Santa Clara University

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A family show, by Steven Boyd Saum

When new men's basketball Coach Kerry Keating talks the talk, it's about community, civility, competitiveness, and attention to detail. Plus text messaging and what's on his iPod.

For his debut on the floor of the Leavey Center, Kerry Keating ran into overtime. After all, Keating said at the April 9 press conference, you only get to be named head coach for the first time once in your life. He'd just traded a spot as assistant coach at UCLA to follow in the footsteps of Dick Davey and Carroll Williams as head men's basketball coach at SCU. There was tradition to honor, families and staff to introduce, stories to tell of the men who have mentored him, a music riddle to pose for the reporters assembled, and questions to ask. Such as, "Where do the Ruff Riders sit?"

Coach Kerry Keating
Photo: Charles Barry

Or another: "Why SCU?" Which would help answer the question on the minds of Bronco b-ball fans near and far: Why Kerry Keating? And why now?

Right man at the right time

Dick Davey headed the SCU team for 15 seasons, with three decades altogether at Santa Clara as coach, mentor, and educator. When Davey announced on Feb. 1 that he would be stepping down, the con­ventional wisdom was that Santa Clara had its sights set on a new coach. The sports columnosphere and blogosphere were aflutter, and more than one opinionator fingered former Stanford Coach Mike Montgomery as the likely suspect. Meantime, the Broncos wrapped up the season with a run for the conference title, only going down before Gonzaga in the West Coast Conference tourney.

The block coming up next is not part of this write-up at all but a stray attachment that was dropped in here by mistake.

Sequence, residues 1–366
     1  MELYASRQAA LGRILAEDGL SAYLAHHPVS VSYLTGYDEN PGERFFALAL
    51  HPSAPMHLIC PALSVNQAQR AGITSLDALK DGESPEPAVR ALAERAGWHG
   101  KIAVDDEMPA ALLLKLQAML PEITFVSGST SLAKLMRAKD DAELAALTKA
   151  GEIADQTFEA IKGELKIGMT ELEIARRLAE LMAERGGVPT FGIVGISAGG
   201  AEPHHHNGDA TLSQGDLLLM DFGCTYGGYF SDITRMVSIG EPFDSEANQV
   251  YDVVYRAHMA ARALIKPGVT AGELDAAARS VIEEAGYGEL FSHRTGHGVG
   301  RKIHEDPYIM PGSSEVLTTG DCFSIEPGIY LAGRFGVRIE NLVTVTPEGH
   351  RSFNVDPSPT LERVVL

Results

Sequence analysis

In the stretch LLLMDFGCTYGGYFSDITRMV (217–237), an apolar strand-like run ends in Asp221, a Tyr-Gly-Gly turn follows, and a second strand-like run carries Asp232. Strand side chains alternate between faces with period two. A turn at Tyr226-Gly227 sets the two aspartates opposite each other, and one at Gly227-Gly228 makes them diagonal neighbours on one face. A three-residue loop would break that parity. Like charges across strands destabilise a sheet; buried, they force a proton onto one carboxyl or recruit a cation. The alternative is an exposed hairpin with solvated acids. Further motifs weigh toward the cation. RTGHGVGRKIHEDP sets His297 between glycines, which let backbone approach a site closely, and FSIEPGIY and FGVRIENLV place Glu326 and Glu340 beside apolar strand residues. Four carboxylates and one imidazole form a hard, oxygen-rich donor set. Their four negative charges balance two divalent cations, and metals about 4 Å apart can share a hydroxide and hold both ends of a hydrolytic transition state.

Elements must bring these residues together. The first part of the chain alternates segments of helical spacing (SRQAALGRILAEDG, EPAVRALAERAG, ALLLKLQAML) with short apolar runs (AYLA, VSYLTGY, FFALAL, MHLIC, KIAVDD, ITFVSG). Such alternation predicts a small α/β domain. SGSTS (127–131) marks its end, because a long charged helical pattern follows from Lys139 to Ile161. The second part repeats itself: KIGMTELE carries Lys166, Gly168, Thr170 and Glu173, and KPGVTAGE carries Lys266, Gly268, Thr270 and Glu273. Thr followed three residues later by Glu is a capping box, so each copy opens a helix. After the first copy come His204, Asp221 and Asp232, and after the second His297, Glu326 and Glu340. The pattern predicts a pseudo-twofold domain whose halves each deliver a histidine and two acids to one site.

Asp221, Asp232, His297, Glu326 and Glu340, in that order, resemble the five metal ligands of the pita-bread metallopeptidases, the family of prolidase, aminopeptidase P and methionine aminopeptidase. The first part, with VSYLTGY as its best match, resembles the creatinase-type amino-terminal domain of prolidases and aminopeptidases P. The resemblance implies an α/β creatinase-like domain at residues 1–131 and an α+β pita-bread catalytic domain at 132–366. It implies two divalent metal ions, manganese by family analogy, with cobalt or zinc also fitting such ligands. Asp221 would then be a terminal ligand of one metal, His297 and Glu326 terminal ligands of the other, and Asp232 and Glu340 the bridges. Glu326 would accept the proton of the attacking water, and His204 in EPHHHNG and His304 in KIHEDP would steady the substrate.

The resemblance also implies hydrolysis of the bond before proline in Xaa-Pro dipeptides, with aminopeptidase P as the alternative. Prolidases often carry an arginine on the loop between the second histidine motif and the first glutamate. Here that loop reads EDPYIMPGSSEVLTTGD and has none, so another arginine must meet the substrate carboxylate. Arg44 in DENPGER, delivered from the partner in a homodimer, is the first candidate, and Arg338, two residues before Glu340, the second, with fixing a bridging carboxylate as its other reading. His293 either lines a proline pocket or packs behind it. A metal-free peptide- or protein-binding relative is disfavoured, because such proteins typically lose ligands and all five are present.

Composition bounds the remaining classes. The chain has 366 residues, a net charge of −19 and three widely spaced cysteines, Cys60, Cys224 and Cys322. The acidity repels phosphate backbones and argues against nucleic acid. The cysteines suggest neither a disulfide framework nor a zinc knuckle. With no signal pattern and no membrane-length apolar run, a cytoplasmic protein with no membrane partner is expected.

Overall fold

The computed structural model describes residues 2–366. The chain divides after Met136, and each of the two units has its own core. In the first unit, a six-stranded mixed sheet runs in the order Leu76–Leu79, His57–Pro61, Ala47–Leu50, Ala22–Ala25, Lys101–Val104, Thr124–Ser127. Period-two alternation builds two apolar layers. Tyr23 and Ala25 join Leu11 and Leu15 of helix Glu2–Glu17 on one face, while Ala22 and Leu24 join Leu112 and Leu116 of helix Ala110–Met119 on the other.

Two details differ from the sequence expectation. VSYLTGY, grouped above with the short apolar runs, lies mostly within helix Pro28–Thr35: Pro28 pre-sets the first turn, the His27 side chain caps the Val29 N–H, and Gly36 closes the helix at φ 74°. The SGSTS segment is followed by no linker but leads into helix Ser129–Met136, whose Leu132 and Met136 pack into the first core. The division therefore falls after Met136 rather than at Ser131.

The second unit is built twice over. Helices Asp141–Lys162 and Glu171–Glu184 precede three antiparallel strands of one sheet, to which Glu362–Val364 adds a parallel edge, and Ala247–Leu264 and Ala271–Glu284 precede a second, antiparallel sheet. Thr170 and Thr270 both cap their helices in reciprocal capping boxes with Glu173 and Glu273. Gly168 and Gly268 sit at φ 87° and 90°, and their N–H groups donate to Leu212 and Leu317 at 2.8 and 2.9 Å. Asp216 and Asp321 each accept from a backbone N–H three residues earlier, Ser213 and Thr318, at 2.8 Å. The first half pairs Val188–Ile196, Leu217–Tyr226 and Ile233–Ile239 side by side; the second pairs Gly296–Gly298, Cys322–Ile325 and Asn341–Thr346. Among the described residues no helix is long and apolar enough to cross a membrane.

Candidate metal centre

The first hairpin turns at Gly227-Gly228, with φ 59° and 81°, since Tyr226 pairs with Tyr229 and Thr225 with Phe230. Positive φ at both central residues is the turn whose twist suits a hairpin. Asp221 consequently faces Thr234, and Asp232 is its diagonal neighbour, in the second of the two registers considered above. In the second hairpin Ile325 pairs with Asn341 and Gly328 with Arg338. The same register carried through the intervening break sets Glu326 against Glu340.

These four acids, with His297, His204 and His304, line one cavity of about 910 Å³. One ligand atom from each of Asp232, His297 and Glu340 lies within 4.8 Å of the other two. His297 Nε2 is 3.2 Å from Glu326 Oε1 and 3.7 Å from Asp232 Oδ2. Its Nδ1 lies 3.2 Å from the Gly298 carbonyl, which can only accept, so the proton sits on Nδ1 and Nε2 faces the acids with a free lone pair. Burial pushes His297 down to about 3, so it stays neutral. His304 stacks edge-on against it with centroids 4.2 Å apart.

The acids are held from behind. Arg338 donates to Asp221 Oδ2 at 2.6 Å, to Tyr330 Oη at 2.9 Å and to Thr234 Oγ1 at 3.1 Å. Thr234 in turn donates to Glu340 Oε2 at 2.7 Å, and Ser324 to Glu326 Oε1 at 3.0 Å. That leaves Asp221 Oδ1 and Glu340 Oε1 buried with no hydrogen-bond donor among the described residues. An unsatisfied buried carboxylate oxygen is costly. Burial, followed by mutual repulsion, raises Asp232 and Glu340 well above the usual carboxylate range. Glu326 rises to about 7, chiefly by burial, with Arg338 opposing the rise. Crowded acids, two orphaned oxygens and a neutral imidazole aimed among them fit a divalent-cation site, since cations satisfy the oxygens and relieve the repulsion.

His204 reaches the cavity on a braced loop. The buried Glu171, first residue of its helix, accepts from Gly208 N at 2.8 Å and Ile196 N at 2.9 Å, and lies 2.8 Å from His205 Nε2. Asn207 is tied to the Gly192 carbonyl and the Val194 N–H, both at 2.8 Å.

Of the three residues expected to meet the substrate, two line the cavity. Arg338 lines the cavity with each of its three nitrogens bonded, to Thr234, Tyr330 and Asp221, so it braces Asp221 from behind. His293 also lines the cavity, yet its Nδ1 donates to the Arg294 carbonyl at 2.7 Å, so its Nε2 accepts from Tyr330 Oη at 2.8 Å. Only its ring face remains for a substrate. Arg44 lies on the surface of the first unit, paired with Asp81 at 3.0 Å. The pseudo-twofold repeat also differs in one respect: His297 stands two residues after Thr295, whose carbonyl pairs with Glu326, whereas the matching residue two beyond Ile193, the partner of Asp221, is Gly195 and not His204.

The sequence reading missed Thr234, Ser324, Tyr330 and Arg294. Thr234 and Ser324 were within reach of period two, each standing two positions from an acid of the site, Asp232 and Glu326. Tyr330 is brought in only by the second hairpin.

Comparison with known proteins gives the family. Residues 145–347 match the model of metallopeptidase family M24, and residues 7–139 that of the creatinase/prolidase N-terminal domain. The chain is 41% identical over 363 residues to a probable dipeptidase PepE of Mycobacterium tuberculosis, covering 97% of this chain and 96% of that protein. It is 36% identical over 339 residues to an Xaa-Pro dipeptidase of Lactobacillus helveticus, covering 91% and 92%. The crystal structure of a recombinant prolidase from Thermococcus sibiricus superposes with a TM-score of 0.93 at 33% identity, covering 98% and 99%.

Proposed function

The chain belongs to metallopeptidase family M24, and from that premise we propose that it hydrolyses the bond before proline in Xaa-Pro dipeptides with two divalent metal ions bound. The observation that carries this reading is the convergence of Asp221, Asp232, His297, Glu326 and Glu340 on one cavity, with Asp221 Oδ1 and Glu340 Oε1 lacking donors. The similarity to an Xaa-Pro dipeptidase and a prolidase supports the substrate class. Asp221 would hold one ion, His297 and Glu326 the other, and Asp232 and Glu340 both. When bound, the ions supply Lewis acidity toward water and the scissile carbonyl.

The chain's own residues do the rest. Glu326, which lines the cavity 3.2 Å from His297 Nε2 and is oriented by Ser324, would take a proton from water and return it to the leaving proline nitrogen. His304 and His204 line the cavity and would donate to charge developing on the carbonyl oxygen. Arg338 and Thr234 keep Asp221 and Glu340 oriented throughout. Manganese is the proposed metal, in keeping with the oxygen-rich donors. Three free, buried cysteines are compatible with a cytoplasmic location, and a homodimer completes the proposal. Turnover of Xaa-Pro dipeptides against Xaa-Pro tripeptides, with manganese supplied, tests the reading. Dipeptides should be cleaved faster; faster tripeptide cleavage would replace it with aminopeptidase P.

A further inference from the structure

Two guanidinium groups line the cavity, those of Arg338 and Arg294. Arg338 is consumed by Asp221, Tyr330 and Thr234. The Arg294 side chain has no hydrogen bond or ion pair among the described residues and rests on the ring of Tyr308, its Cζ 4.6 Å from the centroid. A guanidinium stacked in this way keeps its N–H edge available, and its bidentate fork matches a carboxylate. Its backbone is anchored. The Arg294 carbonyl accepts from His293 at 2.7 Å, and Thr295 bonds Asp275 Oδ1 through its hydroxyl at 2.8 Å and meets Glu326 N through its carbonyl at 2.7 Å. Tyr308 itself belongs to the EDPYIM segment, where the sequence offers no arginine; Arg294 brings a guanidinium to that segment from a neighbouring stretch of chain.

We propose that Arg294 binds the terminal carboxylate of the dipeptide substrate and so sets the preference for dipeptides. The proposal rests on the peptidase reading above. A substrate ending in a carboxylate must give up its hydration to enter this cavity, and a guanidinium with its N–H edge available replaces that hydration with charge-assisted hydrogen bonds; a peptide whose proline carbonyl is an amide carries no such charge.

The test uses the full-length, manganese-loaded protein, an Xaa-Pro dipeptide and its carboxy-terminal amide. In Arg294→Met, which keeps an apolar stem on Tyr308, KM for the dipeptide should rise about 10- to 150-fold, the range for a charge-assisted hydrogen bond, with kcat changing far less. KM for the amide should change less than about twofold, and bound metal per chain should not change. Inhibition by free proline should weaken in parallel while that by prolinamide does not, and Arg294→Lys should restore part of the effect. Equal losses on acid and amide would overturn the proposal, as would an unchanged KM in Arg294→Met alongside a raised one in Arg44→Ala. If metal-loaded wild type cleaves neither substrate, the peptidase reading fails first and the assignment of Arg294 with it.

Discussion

Keating and the Bruins made it to the Final Four for the second year in a row but lost to Florida. Less than a week later Keating was on campus at SCU. Not just for a flurry of meetings, but to walk the paths and feel the presence of the place: who the people are, the sense of community--and, yes, family.

For weeks already SCU Director of Athletics and Recreation Dan Coonan had been doing his homework and had come to the conclusion that Keating was the right man at the right time. He has energy and integrity in spades, Coonan surmised, and he's shown himself to be a lights-out recruiter with a spotless compliance record. He's been apprenticed to Buzz Peterson at Tennessee, Tulsa, and Appalachian State, and he's assisted at Wake Forest and his alma mater, Seton Hall. Along the way, he's been pegged as one of the nation's top 25 collegiate recruiters, top 10 assistant coaches, and has been lauded as the "most high tech" assistant coach in the nation. And don't forget twice being named best dressed assistant coach in the country. (See photo.)

Take good shots
“There's an illustrious history here that I'm proud to be a part of.”
—Kerry Keating

"This is one of the greatest foundations in college basketball," Keating enthused about Santa Clara. "There's an illustri­ous history here that I'm proud to be a part of." Davey, who's an integral part of that history, has stepped into a new role to raise funds for SCU athletics.

At age 35, Keating becomes the youngest head coach in the WCC. He's assembled a cast of assistants who are all younger still--but who, collectively, have nearly a quarter century of experience in the confer­ence. Sam Scuilli returns for his 12th season on the SCU coaching staff, joined by Lamont Smith from St. Mary's and Sam Scholl from the University of San Diego.

Keating cited the lessons he's learned from his mentors: keeping a sense of family and civility; attention to detail that's second to none; a physical style of play; and unequivocal commitment to defense. "I'm not going to tell our guys not to shoot," he said, "but I'm going to tell them to take good shots." He also promised some things that have never been tried before at Santa Clara.

At the same time, he said, "This isn't about me. This is about Santa Clara." He said it was about players, present and past. "And it's about our family."

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